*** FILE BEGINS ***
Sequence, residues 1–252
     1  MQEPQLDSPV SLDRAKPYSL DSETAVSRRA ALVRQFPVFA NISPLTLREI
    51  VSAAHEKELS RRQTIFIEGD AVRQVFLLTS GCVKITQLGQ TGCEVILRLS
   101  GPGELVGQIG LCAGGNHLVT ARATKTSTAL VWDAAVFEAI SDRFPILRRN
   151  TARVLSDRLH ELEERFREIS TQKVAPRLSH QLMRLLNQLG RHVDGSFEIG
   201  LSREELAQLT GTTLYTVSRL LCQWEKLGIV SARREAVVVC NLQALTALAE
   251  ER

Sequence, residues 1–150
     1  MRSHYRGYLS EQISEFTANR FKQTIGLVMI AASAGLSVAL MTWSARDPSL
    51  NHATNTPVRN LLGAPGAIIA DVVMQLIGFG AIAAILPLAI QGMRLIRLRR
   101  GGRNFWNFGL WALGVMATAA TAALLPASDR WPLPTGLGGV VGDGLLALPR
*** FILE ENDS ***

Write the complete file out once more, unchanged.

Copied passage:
Sequence, residues 1–252
     1  MQEPQLDSPV SLDRAKPYSL DSETAVSRRA ALVRQFPVFA NISPLTLREI
    51  VSAAHEKELS RRQTIFIEGD AVRQVFLLTS GCVKITQLGQ TGCEVILRLS
   101  GPGELVGQIG LCAGGNHLVT ARATKTSTAL VWDAAVFEAI SDRFPILRRN
   151  TARVLSDRLH ELEERFREIS TQKVAPRLSH QLMRLLNQLG RHVDGSFEIG
   201  LSREELAQLT GTTLYTVSRL LCQWEKLGIV SARREAVVVC NLQALTALAE
   251  ER

Sequence, residues 1–150
     1  MRSHYRGYLS EQISEFTANR FKQTIGLVMI AASAGLSVAL MTWSARDPSL
    51  NHATNTPVRN LLGAPGAIIA DVVMQLIGFG AIAAILPLAI QGMRLIRLRR
   101  GGRNFWNFGL WALGVMATAA TAALLPASDR WPLPTGLGGV VGDGLLALPR